Does your region want economic development or talent retention? Most communities pick plugging the brain drain. Vermont, New Hampshire, and Maine are even willing to go so far as attracting businesses to their states in order to keep graduates from fleeing:
In Maine, Republican Gov. Paul LePage blames high taxes for the exodus of younger residents. Lowering the tax burden and creating a "business-friendly" state, he said, would keep taxpayers in the state and attract new companies - and, with them, new jobs. LePage's administration has proposed eliminating income taxes on pensions, which they hope will make Maine a "retirement destination."
"Maine's demographic imbalance means that there will be fewer employees for businesses, and there will be fewer customers to buy their goods and services," LePage said in a statement. "Maine's high-tax policies discourage young people from moving to Maine and staying in Maine, and they discourage entrepreneurs from creating jobs. That is why we cut taxes. Those efforts are working, and thousands of new private-sector jobs have been created in Maine since I took office."
Democrats who control governor's mansions in New Hampshire and Vermont, two other states that have aged rapidly over the last two decades, take a different approach. They tend to point to accomplishments and goals in the education arena. Their hopes are to build their tax base by keeping students, as well as attracting new employers.
Northern New England is dying, aging rapidly thanks to the demographic bulge of Boomers. Young adults are a dear commodity to be hoarded. Who will pay for grandpa's health care?
One reason that many Americans believe Medicare does not contribute to the deficit is that the majority thinks Medicare recipients pay or have prepaid the cost of their health care. Medicare beneficiaries on average pay about $1 for every $3 in benefits they receive. However, about two-thirds of the public believe that most Medicare recipients get benefits worth about the same (27%) or less (41%) than what they have paid in payroll taxes during their working lives and in premiums for their current coverage.
Emphasis added. Preferably, the young adults sticking around the old mill town in Maine are single. Households without children will vote down the school mill levy proposal keeping those pesky taxes down. Besides, high school graduates are more likely to leave than dropouts. Winning.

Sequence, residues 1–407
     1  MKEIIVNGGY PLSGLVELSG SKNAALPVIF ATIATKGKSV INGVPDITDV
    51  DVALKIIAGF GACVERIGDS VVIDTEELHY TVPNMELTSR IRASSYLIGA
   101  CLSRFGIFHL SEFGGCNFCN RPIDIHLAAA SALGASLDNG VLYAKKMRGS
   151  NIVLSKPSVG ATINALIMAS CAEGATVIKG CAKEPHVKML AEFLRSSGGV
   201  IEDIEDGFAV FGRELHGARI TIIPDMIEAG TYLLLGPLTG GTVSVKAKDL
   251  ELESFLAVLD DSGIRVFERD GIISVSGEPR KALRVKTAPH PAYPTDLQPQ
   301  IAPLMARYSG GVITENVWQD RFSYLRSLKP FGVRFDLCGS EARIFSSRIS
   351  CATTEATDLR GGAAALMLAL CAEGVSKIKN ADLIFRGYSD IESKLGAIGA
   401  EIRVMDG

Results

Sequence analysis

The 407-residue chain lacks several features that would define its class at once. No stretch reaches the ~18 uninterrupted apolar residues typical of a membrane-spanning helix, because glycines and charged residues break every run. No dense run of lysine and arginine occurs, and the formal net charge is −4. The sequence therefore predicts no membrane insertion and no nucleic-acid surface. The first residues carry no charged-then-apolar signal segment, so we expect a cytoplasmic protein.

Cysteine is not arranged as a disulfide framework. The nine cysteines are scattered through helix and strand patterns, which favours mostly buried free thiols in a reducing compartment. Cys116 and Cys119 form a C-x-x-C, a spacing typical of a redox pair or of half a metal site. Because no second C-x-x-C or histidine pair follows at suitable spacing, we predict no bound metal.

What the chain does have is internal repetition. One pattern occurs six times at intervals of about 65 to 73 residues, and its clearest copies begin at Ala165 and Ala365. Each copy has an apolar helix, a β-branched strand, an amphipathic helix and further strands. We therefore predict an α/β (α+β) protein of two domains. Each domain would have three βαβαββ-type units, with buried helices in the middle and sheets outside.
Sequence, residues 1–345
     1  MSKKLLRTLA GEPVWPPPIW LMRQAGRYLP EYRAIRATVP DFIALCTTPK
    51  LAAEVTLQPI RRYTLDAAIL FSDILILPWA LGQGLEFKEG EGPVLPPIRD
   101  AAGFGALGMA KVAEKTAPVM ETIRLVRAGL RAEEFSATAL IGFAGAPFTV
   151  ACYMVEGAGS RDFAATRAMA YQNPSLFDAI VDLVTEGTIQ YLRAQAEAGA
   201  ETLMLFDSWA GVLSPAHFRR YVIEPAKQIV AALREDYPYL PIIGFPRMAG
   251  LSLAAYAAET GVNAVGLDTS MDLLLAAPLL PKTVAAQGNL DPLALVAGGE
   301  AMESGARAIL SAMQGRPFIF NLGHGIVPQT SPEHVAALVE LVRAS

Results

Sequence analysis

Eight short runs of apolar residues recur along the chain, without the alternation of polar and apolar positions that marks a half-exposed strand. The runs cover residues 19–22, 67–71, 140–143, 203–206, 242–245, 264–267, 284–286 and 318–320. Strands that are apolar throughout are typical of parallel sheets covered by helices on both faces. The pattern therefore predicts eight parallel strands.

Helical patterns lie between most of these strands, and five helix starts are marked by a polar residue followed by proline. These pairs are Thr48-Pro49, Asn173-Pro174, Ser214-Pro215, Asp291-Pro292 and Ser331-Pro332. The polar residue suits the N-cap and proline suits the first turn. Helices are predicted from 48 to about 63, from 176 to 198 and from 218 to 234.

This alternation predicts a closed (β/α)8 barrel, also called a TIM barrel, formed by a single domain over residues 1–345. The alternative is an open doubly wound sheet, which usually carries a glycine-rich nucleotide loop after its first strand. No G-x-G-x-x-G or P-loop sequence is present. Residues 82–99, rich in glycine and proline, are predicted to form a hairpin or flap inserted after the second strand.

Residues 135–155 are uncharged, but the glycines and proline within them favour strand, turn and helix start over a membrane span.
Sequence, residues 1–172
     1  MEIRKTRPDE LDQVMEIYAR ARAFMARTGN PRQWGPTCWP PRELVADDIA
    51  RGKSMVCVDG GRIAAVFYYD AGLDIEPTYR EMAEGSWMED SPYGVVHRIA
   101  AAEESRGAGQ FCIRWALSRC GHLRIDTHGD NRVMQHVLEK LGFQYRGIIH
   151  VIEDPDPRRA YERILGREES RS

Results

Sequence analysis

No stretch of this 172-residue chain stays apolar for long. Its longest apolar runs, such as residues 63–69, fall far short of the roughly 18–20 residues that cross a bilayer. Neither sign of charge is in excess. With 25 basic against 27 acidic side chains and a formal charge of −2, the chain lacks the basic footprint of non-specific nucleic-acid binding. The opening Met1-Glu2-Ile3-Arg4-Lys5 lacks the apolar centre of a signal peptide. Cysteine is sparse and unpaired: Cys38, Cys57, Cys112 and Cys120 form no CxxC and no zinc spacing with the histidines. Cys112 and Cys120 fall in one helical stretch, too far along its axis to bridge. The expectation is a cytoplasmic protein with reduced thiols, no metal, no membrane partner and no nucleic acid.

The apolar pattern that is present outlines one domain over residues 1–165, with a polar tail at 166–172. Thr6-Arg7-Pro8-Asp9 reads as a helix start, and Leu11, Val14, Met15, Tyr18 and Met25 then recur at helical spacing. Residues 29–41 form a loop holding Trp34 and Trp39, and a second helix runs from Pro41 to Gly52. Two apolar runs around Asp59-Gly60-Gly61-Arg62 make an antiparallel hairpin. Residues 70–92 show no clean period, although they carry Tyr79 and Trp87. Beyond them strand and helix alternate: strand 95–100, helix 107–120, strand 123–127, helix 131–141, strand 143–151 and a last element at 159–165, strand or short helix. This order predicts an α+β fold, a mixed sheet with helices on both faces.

Unfortunately for Northern New England xenophobes, mathematics works against them. The fountain of youth for a fixed set of territory won't run forever. Aaron Renn issuing a warning to Indianapolis that should be heard in Augusta, Concord, and Montpelier:
Q: What can Indianapolis do to stave off “brain drain” and retain or attract more young, talented professionals and their incomes?
A: I prefer to think attract, rather than retain. There’s only 1.9 million people to retain, but there are 7 billion to attract.
But Renn is an outsider. Don't listen to him. Heed the words of a Mainiac:
Any efforts to improve the economy in Maine will be thwarted by the state’s aging population unless the state can attract more young people, and the widely held goal of preventing young Mainers from moving out of state won’t come close to solving the problem.
That was the keynote message from University of Southern Maine economist Charles Colgan during a four-part forum launched Tuesday morning by House Speaker Mark Eves, D-North Berwick.
“People assume that if we could just keep our young people here, it would solve the problem,” said Colgan to dozens of people who gathered at the Augusta Civic Center. “There are not half enough of them because not enough young people are born here. We have to get people from other places to move here. We’ve got to get more people in.”